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What does it mean to be mayor of West Linn?

In a council-manager system, the mayor doesn't have added executive authority; however, the position does come with some important responsibilities


SUBMITTED PHOTO - The city will elect a new mayor in May. As part of a council-manager form of government, the mayor and City Council set policy while the City Manager is tasked with handling day-to-day operations. West Linn voters soon will choose a new mayor for the first time since 2012.

Whoever ultimately gets elected for the position in the May 19 special election won’t get a cushy new office at City Hall, a lavish salary or vast executive authority over city affairs. In a council-manager system of government, like West Linn’s, the mayor’s vote is equal to that of other council members.

The position, however, does hold important responsibilities — some related to policy and some symbolic — that can shape the city’s image both locally and throughout the state.

“You are the elected head of the government, but your vote means nothing more than any other councilor — you’re one of five,” Assistant City Manager Kirsten Wyatt said. “(But) the mayor, informally, does play a bigger role in meetings around the community.”

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Two candidates — City Councilor Russ Axelrod and Council President Thomas Frank — are running to replace former Mayor John Kovash, who retired last month with two years left in his term. Upon being elected, either Axelrod or Frank, will be tasked with four primary mayoral responsibilities: signing all “records of proceedings” approved by the council; signing all ordinances passed by the council; endorsing bonds after council approval; and nominating the members of boards, commissions and committees.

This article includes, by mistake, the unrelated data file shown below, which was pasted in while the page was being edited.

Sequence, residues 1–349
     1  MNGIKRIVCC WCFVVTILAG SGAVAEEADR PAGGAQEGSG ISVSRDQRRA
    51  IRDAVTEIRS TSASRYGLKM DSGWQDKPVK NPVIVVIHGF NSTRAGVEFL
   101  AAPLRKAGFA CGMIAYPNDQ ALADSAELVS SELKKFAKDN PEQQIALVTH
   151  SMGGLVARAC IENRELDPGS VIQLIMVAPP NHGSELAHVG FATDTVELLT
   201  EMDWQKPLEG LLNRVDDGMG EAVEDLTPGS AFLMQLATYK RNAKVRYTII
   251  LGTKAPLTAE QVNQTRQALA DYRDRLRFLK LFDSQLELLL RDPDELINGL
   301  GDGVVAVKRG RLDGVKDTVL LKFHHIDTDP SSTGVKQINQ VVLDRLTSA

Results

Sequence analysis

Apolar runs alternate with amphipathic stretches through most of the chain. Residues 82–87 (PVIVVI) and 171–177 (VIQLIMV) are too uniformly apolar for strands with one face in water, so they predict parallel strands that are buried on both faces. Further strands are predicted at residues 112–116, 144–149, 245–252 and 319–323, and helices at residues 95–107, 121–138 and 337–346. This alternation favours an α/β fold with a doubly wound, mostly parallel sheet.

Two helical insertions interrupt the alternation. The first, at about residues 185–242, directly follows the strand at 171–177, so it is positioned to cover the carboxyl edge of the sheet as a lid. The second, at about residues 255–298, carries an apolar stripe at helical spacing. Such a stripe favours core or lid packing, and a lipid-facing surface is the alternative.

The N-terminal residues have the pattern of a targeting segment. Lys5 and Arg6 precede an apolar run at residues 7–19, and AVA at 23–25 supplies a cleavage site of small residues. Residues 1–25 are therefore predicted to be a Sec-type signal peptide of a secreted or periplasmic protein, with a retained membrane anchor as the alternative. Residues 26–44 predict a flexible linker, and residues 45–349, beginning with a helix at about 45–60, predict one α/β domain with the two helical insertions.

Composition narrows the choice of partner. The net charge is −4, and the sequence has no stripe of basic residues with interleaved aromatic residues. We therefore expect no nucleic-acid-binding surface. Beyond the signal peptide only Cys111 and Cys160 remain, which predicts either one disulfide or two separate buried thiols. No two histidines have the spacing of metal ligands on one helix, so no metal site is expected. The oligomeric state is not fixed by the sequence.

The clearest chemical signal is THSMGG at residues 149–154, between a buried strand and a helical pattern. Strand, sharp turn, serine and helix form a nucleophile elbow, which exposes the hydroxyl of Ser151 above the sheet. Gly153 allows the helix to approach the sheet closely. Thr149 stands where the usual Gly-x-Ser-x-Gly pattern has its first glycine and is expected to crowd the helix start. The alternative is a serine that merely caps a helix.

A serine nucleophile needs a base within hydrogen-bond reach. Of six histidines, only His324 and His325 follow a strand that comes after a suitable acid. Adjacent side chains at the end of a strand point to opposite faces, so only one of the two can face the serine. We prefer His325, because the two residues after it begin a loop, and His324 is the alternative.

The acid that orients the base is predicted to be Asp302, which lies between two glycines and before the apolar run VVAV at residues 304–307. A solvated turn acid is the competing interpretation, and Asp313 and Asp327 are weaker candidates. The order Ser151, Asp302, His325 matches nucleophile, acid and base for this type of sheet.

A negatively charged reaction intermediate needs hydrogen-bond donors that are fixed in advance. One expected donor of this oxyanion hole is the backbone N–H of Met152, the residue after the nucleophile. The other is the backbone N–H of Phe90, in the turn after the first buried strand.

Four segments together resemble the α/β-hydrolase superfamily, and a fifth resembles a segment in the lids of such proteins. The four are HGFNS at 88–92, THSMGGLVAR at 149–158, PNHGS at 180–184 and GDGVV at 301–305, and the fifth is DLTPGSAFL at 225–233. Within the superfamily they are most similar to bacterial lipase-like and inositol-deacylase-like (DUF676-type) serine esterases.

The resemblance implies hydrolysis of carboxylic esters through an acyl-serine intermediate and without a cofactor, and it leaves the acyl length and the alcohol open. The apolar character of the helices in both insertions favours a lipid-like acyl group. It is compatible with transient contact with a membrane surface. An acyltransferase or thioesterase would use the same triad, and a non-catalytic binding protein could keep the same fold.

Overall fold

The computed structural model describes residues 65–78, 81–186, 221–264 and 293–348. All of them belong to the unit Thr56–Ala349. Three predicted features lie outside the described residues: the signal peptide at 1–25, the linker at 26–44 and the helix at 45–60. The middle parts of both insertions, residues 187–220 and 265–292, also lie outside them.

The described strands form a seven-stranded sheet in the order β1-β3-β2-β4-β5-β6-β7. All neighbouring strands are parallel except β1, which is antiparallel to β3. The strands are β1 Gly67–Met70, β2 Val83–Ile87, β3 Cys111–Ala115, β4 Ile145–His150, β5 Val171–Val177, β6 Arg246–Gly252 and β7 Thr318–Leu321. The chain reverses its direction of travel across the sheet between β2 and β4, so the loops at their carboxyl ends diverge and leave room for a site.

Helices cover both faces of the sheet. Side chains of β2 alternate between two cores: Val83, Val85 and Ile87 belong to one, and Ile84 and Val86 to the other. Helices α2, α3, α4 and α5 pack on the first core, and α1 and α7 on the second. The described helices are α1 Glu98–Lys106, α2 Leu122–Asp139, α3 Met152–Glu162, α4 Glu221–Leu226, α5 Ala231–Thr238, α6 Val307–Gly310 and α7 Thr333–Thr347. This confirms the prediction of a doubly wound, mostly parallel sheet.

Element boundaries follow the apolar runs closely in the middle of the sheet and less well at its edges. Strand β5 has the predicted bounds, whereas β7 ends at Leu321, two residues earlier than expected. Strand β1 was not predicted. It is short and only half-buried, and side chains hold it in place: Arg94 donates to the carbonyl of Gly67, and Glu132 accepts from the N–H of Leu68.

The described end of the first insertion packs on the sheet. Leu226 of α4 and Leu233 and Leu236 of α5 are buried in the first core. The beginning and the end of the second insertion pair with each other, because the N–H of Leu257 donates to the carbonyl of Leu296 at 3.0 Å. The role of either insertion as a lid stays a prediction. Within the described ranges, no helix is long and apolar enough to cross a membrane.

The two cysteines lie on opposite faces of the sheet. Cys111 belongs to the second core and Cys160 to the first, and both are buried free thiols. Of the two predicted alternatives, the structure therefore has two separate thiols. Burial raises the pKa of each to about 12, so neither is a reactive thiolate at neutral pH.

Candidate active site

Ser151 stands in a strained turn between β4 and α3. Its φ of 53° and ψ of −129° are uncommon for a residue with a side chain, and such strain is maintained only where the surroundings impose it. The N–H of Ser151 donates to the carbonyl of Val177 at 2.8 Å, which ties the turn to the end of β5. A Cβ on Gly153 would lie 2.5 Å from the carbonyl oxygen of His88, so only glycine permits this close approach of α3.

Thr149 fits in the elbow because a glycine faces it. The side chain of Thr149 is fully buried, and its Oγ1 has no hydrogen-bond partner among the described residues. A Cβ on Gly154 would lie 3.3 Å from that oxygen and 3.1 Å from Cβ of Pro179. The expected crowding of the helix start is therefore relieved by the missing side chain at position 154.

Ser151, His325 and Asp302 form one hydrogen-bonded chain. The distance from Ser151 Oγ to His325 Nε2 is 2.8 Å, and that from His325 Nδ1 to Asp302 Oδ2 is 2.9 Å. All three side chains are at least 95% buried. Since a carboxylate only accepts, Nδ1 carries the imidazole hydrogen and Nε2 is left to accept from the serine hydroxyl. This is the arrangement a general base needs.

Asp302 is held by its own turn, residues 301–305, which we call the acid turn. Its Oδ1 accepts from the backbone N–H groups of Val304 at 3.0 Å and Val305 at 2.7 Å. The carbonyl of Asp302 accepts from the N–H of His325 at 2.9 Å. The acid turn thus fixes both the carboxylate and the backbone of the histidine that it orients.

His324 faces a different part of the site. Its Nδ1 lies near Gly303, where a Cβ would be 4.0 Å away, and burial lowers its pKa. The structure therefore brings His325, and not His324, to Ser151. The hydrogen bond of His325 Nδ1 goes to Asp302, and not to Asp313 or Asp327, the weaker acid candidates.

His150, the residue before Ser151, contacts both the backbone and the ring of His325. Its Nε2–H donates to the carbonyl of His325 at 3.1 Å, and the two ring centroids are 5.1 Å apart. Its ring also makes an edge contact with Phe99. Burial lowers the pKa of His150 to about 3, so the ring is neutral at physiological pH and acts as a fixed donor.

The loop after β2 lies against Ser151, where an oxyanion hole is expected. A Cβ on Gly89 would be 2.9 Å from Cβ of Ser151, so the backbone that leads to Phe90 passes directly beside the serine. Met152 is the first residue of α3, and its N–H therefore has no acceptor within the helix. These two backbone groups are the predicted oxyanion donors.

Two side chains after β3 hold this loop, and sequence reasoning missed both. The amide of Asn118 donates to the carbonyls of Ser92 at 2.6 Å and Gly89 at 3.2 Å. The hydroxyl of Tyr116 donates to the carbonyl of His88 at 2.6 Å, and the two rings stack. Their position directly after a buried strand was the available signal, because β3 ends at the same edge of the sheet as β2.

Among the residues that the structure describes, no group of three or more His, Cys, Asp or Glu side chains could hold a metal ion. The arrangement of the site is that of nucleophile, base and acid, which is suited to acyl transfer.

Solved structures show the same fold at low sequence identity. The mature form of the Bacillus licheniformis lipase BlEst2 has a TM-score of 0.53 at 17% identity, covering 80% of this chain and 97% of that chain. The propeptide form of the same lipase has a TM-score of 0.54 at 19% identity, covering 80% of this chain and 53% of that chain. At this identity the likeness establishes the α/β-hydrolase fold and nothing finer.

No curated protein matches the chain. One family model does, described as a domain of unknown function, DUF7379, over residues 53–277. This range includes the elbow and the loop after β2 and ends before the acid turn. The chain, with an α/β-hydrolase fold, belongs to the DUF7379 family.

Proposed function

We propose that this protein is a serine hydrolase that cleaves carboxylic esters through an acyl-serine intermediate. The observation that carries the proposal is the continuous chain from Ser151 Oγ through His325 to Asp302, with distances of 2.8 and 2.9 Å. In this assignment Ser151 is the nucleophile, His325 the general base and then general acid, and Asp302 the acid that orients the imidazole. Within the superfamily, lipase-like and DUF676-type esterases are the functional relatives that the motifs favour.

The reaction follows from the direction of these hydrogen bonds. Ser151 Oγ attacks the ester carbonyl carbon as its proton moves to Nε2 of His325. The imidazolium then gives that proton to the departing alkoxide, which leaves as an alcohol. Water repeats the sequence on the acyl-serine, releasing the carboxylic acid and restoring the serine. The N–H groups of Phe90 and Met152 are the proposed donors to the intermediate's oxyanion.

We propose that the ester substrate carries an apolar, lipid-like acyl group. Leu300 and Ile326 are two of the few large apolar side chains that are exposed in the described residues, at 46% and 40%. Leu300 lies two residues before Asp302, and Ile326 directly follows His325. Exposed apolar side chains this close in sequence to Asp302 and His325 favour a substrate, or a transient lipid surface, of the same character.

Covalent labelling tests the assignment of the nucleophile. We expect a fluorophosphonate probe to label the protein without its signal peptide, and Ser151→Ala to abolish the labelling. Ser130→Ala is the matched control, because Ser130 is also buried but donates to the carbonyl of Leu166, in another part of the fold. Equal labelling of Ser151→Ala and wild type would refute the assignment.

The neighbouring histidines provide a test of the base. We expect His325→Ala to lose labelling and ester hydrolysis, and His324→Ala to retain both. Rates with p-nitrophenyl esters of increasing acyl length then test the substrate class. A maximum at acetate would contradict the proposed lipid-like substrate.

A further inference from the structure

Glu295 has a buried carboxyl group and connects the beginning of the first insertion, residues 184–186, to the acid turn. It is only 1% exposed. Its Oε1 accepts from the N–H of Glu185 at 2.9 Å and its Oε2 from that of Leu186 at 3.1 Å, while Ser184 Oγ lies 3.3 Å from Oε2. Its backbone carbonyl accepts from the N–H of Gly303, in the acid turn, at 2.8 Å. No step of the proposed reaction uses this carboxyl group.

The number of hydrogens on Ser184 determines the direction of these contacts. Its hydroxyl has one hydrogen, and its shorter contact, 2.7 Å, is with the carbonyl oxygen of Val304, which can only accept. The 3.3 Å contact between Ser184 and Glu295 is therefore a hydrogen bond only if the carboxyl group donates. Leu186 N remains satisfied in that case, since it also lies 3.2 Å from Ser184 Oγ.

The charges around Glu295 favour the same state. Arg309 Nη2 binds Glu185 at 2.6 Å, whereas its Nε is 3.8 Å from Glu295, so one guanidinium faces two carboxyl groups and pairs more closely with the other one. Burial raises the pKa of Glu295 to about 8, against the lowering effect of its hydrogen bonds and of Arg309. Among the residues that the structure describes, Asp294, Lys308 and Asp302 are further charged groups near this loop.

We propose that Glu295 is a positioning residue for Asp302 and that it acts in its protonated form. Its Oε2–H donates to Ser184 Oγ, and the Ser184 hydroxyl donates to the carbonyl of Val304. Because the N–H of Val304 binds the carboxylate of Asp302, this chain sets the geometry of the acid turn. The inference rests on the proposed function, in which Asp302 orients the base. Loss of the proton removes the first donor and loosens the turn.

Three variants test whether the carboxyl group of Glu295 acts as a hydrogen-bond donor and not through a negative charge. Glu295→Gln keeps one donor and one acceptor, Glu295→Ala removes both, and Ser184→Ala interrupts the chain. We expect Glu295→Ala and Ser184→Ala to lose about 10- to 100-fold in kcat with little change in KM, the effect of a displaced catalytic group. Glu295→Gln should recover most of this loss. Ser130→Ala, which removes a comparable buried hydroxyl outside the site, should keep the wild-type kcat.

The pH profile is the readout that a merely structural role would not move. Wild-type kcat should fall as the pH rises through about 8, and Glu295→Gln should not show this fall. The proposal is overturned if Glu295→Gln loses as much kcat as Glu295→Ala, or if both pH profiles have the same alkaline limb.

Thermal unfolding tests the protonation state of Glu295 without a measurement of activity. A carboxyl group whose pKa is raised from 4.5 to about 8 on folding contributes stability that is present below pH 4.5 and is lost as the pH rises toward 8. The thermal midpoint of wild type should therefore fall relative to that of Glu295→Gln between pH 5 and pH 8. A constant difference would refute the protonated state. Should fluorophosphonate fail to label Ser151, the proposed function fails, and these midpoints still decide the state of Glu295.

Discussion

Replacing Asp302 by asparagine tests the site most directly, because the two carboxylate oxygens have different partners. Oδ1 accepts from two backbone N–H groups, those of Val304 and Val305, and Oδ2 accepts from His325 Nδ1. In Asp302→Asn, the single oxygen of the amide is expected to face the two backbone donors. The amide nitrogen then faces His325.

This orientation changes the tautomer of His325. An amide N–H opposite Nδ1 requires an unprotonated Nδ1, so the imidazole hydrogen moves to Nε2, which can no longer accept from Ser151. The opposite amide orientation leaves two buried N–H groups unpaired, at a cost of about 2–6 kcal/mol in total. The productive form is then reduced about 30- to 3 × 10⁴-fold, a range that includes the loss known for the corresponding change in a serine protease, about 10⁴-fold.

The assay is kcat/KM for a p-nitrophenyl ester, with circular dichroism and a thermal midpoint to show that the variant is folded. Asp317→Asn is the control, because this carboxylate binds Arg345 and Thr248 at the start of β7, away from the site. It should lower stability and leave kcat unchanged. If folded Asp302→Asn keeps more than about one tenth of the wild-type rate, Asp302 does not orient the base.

The mayor presides over a City Council that serves as one half of West Linn’s council-manager form of government. Within this framework, which has been criticized by some residents in recent years, the mayor and City Council set policy which is to be implemented on a day-to-day basis by a city manager and city staff.

“It’s like the board of directors at a company,” said Frank, who was elected to council back in 2012. “We set goals and give them to the city manager, and it’s up to the city manager to implement them.”

According to the League of Oregon Cities, “most Oregon cities with populations over 2,500 have the council-manager or council-administrator form,” and a recent nationwide study by the International City/County Management Association showed that 59 percent of cities or towns with populations above 2,500 in the U.S. used that form of government.

In the Portland metro area, Portland and Beaverton are the only cities that do not operate under a council-manager government. Portland uses a “commission” style of government with a mayor and elected commissioners who serve as both a City Council and staff administrators, while Beaverton has a “strong mayor” government that allows the mayor take the primary administrative role in the government.

“In our relatively recent history, we’ve had a push to have a strong-mayor form of government,” Wyatt said. “And that may be a conversation some people in the community want to have. From staff’s perspective, we welcome the community thinking and talking about what form of government is best for them.”